Otherwise, you can make a reservation with Orit (Jacky’s wife) by calling her via their Facebook page – נופי מלח – Salty Landscapes.

Prayer, devotion, and community among the Samaritans

Not far from Nablus, in the west bank, we arrive at the small village of Kiryat Luza early in the morning during Succot (the Feast of the Tabernacles) and we join the early morning prayer of the Samaritans.

This small group are a small ethnoreligious group who date their ancestry to the Biblical tribes of Ephraim and Manasseh. Their roots are ancient, by some accounts beginning with the entry into Canaan, or by others beginning with the Babylonian exile. In any extent, this indigenous group broke off from mainstream Judaism during the time of the kingdom of Judah (between the ninth and the fourth century, BC).

Samaritans believe that theirs is the true religion of the Israelites, as mainstream Judiasm underwent changes during the Babylonian exile.

During morning prayers, sons, fathers, and grandfather commune and read an ancient text. The air of devotion is palatable in the synagogue.

The two Samaritan communities are very small, totaling about 800 people altogether. About 400 live in Kiryat Luza, and the rest live in the Israeli town of Holon. Despite being recognized as a religious entity, the religious monopoly in Israel (the Chief Rabbinate) requires that Samaritans undergo a conversion to Judaism in or to be considered as Jews. During the ceremony we witnessed we were amazed to see some visitors from the Ultra-Orthodox community as well as some discussions between the two groups.

Most Samaritans speak Hebrew, Arabic, Aramaic, or a mix and their prayers are in Samaritan Hebrew or Samaritan Aramaic, written in the Samaritan alphabet (which is related to ancient proto-Hebrew, and is undependable by Hebrew readers).

Following the indoor prayer session, all head out for the outdoor ceremony on the hillside of Mount Gerizim.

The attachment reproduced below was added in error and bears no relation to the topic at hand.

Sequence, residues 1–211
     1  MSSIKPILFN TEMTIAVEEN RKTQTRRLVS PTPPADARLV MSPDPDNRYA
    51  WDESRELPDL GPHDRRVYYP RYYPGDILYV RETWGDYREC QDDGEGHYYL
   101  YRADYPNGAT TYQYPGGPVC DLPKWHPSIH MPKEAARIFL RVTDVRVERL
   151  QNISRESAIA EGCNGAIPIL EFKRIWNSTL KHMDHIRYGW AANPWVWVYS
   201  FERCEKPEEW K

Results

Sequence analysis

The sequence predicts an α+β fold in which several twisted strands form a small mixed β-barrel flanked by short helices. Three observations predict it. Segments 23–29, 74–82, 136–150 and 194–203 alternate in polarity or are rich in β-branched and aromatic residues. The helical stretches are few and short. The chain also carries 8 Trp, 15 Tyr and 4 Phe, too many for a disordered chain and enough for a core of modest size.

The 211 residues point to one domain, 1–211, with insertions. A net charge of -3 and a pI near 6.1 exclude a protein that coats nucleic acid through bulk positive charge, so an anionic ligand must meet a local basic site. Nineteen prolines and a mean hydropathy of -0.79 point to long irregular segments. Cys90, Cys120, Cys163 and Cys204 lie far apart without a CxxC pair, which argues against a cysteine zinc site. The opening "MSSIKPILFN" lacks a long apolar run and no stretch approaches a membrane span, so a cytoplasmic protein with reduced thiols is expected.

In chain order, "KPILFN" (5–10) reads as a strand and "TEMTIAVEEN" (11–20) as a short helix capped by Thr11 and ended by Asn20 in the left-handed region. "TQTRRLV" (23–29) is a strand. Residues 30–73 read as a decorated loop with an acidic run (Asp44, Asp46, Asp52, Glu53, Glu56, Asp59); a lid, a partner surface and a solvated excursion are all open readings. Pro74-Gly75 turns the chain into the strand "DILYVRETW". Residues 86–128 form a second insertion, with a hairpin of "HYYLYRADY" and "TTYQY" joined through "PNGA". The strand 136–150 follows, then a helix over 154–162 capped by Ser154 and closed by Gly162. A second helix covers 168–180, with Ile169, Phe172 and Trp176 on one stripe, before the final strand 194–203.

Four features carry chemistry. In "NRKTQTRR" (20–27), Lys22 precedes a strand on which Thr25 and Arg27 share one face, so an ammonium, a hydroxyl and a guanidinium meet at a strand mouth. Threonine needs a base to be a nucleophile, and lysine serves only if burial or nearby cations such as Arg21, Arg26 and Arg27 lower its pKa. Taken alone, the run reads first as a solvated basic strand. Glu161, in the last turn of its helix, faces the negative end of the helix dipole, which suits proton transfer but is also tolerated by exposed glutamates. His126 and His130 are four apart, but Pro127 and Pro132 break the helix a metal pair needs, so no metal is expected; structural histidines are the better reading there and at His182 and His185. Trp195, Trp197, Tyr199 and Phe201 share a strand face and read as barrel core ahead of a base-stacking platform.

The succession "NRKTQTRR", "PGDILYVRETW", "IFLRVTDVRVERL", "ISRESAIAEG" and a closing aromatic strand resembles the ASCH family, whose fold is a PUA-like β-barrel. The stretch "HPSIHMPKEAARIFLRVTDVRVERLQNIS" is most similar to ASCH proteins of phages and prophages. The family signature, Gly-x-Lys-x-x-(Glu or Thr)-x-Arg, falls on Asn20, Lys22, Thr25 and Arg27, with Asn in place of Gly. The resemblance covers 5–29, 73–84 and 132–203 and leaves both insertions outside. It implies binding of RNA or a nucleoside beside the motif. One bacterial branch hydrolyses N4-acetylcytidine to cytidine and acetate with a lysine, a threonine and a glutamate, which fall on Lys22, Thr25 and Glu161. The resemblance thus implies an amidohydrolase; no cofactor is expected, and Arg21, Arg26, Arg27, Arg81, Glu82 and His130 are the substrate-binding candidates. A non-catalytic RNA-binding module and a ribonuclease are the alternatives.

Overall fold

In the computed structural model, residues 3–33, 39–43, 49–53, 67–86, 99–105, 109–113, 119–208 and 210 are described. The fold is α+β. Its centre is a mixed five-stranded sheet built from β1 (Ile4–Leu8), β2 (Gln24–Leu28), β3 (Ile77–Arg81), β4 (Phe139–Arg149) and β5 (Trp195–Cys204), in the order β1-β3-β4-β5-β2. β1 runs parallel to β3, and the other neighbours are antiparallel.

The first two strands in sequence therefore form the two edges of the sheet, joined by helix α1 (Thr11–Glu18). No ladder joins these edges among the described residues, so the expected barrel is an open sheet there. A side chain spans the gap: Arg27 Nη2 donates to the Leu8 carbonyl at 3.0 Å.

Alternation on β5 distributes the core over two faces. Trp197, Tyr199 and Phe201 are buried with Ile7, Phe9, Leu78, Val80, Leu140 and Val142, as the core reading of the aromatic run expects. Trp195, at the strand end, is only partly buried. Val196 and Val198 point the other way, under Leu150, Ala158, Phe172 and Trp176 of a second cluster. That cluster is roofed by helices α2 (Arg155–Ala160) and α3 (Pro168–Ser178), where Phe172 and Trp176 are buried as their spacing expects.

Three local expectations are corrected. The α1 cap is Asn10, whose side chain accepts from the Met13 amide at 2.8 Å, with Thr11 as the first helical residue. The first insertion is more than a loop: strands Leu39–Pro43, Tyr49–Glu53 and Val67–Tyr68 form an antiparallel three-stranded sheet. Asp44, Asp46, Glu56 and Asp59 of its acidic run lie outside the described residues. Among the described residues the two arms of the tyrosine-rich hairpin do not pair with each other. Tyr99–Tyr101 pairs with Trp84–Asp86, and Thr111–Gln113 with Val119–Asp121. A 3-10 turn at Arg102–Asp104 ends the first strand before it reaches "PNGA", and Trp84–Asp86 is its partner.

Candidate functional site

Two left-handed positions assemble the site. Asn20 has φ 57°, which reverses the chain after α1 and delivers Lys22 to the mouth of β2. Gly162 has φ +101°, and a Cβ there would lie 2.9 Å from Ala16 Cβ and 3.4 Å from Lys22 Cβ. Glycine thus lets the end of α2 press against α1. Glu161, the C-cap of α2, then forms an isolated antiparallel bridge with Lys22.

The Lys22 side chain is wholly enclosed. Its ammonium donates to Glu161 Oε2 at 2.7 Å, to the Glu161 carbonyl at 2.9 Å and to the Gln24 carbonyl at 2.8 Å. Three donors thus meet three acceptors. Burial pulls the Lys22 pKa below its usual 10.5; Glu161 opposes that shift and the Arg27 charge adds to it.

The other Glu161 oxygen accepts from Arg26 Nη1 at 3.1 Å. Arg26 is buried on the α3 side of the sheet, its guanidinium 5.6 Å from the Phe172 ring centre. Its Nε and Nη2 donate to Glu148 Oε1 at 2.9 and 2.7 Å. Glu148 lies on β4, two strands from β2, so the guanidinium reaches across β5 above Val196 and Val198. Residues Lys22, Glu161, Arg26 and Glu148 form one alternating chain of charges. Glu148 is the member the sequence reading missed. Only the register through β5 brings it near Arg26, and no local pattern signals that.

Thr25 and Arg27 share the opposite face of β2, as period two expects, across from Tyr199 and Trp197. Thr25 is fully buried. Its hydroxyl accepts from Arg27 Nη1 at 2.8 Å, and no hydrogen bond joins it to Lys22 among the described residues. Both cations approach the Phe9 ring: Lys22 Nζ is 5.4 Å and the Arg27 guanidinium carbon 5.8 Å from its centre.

People Watching at the Market (Mahne Yehuda)

The open air vegetable market in West Jerusalem is called Shuk Machane Yehuda (שוק מחנה יהודה) and is so named because it is located in the old neighborhood of Machne Yehuda (Yehuda’s Camp). This part of West Jerusalem is composed of many small neighborhoods, each one with the designation of “machane” (מחנה). This particular neighborhood was built by three business partners: Johannes Frutiger, Shalom Konstrum, and Joseph Navon. Navon named the neighborhood after his brother, Yehuda.

Today, the Shuk is a giant produce and meat market, but also has lots to offer the visitor in terms of boutiques, cafés, and restaurants. I shop there early every Friday morning. Aside from the beautiful colors and rich variety, my favorite part of shopping in the shuk is watching the wonderful variety of people. I’m going to devote a few different pages about the shuk, but for now, I only want to focus on the clientele.

1/320 sec, f/3.2, 50mm

1/320 sec, f/3.2, 50mm


People come from all over the city to do their shopping and there is always something to see.

1/500 sec, f/3.2, 50mm

1/500 sec, f/3.2, 50mm

I’ve been shopping at the shuk for almost 35 years, and have seen many changes. Of course, I have my regular haunts where I shop.

1/125 sec, f/7.1, 50mm

1/125 sec, f/7.1, 50mm

Shopping always involves a bit of a conversation and a discussion of politics.

1/400 sec, f/3.2, 50mm

1/400 sec, f/3.2, 50mm

The market is situated almost exactly in the city center and is easily accessible by all sorts of public transportation and on any day you can see a multitude of different ethnic and cultural groups.

1/250 sec, f/3.2, 50mm

1/250 sec, f/3.2, 50mm

I don’t often shoot at the shuk, as I’m too busy pushing my cart around and trying to avoid the big crowds. These days, the shuk has become a major tourist attraction for foreigners as well as Israelis. The shopkeepers are happy, but we (the regulars) lament the crowds.

1/200 sec, f/3.2, 50mm

1/200 sec, f/3.2, 50mm

1/200 sec, f/3.2, 50mm

1/200 sec, f/3.2, 50mm